Setting up ITFDB with a voice

In a previous post I wrote about my Raspberry Pi experiment to have the SenseHat display a scrolling message 10 minutes before game time.

One of the things I have wanted to do since then is have Vin Scully’s voice come from a speaker and say those five magical words, It's time for Dodger Baseball!

I found a clip of Vin on Youtube saying that (and a little more). I wasn’t sure how to get the audio from that YouTube clip though.

After a bit of googling1 I found a command line tool called youtube-dl. The tool allowed me to download the video as an mp4 with one simple command:


Once the mp4 was downloaded I needed to extract the audio from the mp4 file. Fortunately, ffmpeg is a tool for just this type of exercise!

I modified this answer from StackOverflow to meet my needs

ffmpeg -i dodger_baseball.mp4 -ss 00:00:10 -t 00:00:9.0 -q:a 0 -vn -acodec copy dodger_baseball.aac

This got me an aac file, but I was going to need an mp3 to use in my Python script.

Next, I used a modified version of this suggestion to create write my own command

ffmpeg -i dodger_baseball.aac -c:a libmp3lame -ac 2 -b:a 190k dodger_baseball.mp3

I could have probably combined these two steps, but … meh.

OK. Now I have the famous Vin Scully saying the best five words on the planet.

All that’s left to do is update the python script to play it. Using guidance from here I updated my file from this:

if month_diff == 0 and day_diff == 0 and hour_diff == 0 and 0 >= minute_diff >= -10:
   message = '#ITFDB!!! The Dodgers will be playing {} at {}'.format(game.game_opponent, game.game_time)
   sense.show_message(message, scroll_speed=0.05)

To this:

if month_diff == 0 and day_diff == 0 and hour_diff == 0 and 0 >= minute_diff >= -10:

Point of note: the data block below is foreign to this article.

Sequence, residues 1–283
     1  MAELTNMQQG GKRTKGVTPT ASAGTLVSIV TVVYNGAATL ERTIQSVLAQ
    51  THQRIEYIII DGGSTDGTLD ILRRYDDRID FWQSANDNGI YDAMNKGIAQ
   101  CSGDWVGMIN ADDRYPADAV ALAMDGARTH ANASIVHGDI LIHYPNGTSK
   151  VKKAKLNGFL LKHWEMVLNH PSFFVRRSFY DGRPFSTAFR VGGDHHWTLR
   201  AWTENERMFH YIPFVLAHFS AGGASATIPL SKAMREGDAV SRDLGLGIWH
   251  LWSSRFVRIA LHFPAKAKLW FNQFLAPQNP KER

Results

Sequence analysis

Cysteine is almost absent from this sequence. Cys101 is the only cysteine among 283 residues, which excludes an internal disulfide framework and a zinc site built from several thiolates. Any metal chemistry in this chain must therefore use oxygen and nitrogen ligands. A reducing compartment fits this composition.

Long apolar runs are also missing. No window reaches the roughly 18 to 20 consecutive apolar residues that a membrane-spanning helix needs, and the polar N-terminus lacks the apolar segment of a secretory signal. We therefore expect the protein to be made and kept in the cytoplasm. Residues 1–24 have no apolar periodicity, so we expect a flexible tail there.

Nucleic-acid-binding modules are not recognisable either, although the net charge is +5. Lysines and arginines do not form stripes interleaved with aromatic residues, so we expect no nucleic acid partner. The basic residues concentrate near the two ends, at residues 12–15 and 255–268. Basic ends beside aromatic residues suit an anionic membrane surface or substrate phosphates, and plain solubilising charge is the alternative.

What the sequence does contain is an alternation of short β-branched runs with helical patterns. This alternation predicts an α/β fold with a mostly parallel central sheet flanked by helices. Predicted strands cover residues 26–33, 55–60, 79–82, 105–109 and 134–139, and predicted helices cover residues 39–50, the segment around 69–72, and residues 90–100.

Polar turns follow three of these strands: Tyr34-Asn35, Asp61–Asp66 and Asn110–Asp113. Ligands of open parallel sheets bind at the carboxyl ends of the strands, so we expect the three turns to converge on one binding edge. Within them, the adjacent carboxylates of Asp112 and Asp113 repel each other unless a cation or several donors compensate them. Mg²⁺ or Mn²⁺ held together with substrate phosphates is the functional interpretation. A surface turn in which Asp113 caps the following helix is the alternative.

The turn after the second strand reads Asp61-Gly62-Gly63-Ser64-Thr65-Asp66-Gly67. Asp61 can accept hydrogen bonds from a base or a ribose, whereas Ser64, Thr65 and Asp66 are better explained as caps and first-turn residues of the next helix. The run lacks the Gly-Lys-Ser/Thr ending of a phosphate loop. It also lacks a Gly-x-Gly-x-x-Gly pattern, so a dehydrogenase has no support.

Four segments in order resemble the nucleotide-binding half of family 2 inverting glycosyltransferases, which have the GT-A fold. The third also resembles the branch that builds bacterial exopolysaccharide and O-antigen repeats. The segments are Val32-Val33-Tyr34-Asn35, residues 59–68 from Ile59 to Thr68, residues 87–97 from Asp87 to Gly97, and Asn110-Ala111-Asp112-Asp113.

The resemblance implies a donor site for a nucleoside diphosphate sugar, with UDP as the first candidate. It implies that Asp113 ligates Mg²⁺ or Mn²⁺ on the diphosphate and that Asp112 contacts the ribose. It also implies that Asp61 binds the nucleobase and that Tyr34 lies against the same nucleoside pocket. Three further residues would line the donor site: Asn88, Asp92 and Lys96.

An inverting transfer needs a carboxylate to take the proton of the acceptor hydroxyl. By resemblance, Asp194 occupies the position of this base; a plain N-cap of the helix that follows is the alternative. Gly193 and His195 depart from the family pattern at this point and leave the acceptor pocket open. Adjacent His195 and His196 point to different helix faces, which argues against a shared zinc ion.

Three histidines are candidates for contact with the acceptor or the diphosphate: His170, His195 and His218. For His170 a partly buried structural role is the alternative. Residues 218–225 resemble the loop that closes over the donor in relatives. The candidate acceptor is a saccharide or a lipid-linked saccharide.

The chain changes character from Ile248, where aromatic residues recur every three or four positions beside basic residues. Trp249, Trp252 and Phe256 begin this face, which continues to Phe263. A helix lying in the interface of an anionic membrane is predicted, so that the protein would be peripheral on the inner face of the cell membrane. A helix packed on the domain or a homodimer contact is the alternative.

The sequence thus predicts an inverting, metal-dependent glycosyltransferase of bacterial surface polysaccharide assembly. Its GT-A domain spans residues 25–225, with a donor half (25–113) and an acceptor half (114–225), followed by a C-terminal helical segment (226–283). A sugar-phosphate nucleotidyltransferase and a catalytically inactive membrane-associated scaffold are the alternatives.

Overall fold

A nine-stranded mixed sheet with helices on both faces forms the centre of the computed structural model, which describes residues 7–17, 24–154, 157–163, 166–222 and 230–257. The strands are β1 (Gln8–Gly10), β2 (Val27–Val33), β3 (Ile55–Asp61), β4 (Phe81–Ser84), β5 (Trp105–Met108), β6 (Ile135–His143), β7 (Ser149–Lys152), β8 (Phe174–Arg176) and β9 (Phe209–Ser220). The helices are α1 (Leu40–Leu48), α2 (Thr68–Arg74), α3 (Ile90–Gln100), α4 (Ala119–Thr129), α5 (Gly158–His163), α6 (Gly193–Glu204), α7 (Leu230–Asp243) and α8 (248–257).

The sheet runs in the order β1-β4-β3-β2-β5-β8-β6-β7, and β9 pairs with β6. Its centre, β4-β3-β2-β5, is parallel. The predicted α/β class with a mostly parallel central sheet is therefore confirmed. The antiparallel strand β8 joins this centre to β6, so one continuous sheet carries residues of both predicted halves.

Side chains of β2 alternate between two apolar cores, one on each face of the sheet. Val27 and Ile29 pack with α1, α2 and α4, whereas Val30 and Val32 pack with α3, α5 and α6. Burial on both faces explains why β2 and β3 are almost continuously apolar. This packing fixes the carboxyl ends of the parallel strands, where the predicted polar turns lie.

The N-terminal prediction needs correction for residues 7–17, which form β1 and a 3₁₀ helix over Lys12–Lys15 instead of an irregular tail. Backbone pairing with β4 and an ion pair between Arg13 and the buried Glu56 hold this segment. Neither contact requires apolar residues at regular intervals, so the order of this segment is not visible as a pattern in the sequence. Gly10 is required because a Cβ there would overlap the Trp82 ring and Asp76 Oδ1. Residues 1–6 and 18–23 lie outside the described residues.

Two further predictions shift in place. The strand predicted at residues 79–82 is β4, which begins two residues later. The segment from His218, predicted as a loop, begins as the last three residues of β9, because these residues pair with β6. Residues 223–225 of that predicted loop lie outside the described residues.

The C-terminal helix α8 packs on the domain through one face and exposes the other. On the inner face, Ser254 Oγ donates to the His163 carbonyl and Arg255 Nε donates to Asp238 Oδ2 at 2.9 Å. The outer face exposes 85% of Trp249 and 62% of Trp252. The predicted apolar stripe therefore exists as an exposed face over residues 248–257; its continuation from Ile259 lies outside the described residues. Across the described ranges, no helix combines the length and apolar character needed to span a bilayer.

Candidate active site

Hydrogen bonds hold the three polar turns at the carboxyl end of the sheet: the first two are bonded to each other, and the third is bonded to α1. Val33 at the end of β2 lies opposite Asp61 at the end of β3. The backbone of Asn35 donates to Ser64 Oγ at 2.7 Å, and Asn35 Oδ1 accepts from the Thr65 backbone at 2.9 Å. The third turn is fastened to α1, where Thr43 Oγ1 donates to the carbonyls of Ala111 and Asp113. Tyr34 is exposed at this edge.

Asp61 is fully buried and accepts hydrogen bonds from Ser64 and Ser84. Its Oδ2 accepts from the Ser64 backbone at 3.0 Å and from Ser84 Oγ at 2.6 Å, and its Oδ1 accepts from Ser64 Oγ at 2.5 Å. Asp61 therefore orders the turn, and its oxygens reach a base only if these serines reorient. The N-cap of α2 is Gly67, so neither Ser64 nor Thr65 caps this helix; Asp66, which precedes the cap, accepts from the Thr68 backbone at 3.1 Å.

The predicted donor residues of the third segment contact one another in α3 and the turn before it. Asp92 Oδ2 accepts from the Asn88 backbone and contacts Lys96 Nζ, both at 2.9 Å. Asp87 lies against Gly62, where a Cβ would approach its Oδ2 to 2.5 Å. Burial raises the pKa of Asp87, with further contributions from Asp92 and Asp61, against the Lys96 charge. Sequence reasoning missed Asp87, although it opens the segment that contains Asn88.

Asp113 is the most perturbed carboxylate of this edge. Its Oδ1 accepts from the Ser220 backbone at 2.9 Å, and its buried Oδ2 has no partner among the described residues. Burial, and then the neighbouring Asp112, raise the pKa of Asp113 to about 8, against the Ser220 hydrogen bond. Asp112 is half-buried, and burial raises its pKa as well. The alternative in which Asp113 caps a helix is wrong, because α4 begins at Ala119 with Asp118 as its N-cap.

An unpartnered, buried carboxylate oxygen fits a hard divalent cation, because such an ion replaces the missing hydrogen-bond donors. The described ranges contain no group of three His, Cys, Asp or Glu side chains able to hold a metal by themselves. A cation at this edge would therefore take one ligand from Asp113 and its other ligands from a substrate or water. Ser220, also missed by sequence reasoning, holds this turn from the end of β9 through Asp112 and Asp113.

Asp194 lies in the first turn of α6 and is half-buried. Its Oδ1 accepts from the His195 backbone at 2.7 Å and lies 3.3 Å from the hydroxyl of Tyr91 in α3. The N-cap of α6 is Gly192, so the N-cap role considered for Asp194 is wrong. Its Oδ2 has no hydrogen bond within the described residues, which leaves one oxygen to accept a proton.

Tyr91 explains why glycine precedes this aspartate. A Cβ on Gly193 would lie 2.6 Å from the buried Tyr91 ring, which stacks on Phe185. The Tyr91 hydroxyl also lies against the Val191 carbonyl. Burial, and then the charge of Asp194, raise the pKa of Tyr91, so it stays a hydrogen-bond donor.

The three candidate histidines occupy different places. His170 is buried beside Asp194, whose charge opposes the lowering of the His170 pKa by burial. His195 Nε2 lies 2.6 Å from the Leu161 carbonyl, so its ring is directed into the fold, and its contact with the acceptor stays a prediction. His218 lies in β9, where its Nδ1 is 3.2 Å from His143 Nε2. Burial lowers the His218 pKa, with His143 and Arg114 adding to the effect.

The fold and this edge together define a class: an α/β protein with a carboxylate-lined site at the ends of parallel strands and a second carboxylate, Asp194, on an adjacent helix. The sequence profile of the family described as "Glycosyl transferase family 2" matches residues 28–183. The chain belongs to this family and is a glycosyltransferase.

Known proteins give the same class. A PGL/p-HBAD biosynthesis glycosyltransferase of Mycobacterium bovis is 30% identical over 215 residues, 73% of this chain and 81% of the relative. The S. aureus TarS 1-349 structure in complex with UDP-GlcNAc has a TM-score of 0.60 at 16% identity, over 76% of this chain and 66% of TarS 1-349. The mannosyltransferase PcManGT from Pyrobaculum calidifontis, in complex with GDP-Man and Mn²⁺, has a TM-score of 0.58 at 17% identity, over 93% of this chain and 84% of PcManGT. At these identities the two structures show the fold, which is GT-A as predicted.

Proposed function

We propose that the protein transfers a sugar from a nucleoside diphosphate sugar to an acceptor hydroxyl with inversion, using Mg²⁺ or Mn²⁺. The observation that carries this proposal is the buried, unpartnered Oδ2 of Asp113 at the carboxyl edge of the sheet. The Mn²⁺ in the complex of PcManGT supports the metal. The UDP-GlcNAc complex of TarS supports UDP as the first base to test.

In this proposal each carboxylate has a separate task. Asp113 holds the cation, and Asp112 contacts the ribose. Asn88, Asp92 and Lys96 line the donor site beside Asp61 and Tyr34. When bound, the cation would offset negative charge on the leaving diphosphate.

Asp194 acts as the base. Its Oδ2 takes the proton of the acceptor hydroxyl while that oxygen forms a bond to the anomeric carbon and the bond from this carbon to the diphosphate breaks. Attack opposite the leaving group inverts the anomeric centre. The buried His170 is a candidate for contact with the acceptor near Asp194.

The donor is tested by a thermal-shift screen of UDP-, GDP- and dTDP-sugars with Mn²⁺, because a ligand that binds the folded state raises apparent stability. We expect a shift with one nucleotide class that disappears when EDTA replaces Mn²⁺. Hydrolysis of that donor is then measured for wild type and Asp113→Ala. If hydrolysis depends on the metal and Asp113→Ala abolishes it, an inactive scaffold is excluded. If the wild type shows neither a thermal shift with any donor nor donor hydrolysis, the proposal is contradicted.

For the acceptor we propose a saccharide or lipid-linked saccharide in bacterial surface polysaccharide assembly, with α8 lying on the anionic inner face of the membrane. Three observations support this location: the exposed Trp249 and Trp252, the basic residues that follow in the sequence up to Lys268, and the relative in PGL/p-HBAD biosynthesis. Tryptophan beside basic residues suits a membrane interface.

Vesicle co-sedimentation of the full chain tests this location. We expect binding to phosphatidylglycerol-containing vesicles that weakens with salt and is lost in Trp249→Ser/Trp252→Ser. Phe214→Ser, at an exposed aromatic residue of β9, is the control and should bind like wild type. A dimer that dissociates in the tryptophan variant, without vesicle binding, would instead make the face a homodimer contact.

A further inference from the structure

message = '#ITFDB!!! The Dodgers will be playing {} at {}'.format(game.game_opponent, game.game_time)
   sense.show_message(message, scroll_speed=0.05)
   os.system("omxplayer -b /home/pi/Documents/python_projects/itfdb/dodger_baseball.mp3")

However, what that does is play Vin’s silky smooth voice every minute for 10 minutes before game time. Music to my ears but my daughter was not a fan, and even my wife who LOVES Vin asked me to change it.

One final tweak, and now it only plays at 5 minutes before game time and 1 minute before game time:

if month_diff == 0 and day_diff == 0 and hour_diff == 0 and 0 >= minute_diff >= -10:
   message = '#ITFDB!!! The Dodgers will be playing {} at {}'.format(game.game_opponent, game.game_time)
   sense.show_message(message, scroll_speed=0.05)

if month_diff == 0 and day_diff == 0 and hour_diff == 0 and (minute_diff == -1 or minute_diff == -5):
   os.system("omxplayer -b /home/pi/Documents/python_projects/itfdb/dodger_baseball.mp3")

Now, for the rest of the season, even though Vin isn’t calling the games, I’ll get to hear his voice letting me know, “It’s Time for Dodger Baseball!!!”

  1. Actually, it was an embarrassing amount

Fixing the Python 3 Problem on my Raspberry Pi

In my last post I indicated that I may need to

reinstalling everything on the Pi and starting from scratch

While speaking about my issues with pip3 and python3. Turns out that the fix was easier than I though. I checked to see what where pip3 and python3 where being executed from by running the which command.

The which pip3 returned /usr/local/bin/pip3 while which python3 returned /usr/local/bin/python3. This is exactly what was causing my problem.

To verify what version of python was running, I checked python3 --version and it returned 3.6.0.

To fix it I just ran these commands to unlink the new, broken versions:

sudo unlink /usr/local/bin/pip3


sudo unlink /usr/local/bin/python3

I found this answer on StackOverflow and tweaked it slightly for my needs.

Now, when I run python --version I get 3.4.2 instead of 3.6.0

Unfortunately I didn’t think to run the --version flag on pip before and after the change, and I’m hesitant to do it now as it’s back to working.


My wife and I love baseball season. Specifically we love the Dodgers and we can’t wait for Spring Training to begin. In fact, today pitchers and catchers report!